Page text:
Eligibility for Objective 1 funds is determined at the regional level. The EU has a hierarchical regional classification named NUTS (Nomenclature of Territorial Units for Statistics), with NUTS1 being the most aggregate and NUTS3 the most detailed level. Objective 1 funds’ allocation is decided at the NUTS2 level.

This eligibility rule creates a threshold: NUTS2 regions below 75 percent are entitled to the funds, while regions above are not. As a result, it is perfectly possible that some NUTS3 regions in eligible NUTS2 areas have a per-capita GDP level higher than the threshold for eligibility at the NUTS2 level. These NUTS3 regions would not qualify to receive Objective 1 transfers if they had been assessed as independent entities, but in practice they qualify, because they are part of a relatively poor NUTS2 region. Similarly, some NUTS3 areas might be below the threshold if looked at individually, but the fact of belonging to a relatively rich NUTS2 region makes them ineligible for Objective 1 funds.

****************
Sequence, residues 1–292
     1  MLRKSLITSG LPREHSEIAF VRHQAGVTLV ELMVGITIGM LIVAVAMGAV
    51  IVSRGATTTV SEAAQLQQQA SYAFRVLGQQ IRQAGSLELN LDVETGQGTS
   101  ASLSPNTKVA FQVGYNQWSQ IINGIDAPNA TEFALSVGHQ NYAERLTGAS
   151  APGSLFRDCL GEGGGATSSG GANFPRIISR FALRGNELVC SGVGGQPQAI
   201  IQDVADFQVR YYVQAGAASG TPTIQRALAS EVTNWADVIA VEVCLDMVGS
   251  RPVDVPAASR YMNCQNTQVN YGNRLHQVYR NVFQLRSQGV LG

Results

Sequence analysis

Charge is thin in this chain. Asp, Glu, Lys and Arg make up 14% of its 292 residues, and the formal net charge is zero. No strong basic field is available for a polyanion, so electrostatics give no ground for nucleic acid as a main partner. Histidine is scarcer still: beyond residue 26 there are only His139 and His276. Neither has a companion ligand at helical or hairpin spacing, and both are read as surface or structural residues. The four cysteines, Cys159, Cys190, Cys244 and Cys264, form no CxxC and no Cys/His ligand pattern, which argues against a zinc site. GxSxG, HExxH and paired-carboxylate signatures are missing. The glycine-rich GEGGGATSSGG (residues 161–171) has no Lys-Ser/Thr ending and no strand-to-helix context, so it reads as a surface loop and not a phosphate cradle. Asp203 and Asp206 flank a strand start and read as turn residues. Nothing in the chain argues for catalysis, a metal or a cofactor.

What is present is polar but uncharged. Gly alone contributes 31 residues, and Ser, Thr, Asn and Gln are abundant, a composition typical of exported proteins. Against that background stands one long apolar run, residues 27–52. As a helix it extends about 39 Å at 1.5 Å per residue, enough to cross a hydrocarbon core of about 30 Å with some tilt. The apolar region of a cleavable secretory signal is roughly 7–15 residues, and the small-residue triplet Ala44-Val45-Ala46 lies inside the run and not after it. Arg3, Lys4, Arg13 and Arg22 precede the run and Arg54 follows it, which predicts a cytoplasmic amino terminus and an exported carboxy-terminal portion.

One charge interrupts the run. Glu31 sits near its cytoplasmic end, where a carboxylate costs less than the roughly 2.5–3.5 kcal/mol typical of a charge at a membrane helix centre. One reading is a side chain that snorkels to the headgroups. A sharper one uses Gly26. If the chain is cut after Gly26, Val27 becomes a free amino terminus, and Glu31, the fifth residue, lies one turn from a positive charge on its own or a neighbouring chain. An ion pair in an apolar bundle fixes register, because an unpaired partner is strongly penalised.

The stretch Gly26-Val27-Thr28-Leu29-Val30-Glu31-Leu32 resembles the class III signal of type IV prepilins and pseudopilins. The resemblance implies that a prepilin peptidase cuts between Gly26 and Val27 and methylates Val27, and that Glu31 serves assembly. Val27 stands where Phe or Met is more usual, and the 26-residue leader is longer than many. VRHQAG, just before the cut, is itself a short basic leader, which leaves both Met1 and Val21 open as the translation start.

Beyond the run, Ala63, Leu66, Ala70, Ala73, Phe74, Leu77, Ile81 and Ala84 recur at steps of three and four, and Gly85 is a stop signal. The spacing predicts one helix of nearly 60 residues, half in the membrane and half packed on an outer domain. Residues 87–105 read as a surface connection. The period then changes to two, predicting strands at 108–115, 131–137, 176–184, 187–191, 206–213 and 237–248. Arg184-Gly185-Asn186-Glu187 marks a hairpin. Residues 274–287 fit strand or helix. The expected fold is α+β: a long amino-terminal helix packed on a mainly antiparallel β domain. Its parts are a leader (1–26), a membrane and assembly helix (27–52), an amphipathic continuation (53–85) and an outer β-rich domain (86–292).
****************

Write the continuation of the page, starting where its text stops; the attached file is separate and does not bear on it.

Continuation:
As convincingly pointed out by Becker et al (2008), this rule creates a quasi-experimental setting that can be exploited for empirical investigation. I exploit this rule to construct a treatment/control framework based on two groups of comparable regions.

I apply to each NUTS3 region the eligibility criteria that is normally applied to NUTS2 regions. In this way, I can identify all those NUTS3 regions that would be eligible if the threshold were applied to their individual income rather than that of their parent NUTS2 region.

Then, I match this ‘actual’ measure of eligibility with the ‘formal’ eligibility status of the same NUTS3 regions. This allows me to identify two sub-groups of regions: one group includes those NUTS3 regions that would be eligible based on their individual income and were also formally eligible based on their parent region’s income; a second group includes those NUTS3 region that would be eligible based on their individual income but were not deemed formally eligible based on their parent’s level of income.

We can think of these two groups as a treatment and control group: regions in both groups have an individual income level that is below 75 percent of the EU average, but depending on their parent region’s income, some of them have been “treated“ (ie deemed eligible for convergence funds) while others have not.

The role of EU convergence funds during the crisis